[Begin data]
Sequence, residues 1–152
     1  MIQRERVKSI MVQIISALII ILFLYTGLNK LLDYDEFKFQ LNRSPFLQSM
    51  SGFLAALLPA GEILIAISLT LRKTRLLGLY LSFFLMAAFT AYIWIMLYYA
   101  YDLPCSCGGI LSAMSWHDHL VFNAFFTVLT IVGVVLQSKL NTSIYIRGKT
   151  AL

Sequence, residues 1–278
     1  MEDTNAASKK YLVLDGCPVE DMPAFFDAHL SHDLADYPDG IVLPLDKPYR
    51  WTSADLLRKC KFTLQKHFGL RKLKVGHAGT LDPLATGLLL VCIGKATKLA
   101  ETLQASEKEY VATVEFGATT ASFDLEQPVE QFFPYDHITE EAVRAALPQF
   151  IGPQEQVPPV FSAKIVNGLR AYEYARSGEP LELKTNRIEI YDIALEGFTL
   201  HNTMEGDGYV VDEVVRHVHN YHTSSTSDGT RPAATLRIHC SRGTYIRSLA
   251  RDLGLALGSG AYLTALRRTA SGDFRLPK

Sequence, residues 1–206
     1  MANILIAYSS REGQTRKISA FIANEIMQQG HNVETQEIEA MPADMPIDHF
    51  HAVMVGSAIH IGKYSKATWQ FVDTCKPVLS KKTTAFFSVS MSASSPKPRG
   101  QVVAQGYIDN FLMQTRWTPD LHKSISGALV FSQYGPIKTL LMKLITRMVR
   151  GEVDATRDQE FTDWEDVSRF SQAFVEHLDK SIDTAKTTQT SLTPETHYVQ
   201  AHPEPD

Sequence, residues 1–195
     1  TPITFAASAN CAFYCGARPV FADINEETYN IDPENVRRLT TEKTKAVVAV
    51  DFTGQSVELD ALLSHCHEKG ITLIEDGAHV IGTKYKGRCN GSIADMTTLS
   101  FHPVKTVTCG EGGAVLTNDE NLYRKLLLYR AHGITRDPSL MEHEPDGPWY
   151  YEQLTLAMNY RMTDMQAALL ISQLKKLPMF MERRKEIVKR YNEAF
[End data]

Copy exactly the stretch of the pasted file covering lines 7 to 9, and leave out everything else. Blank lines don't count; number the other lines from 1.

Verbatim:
     1  MEDTNAASKK YLVLDGCPVE DMPAFFDAHL SHDLADYPDG IVLPLDKPYR
    51  WTSADLLRKC KFTLQKHFGL RKLKVGHAGT LDPLATGLLL VCIGKATKLA
   101  ETLQASEKEY VATVEFGATT ASFDLEQPVE QFFPYDHITE EAVRAALPQF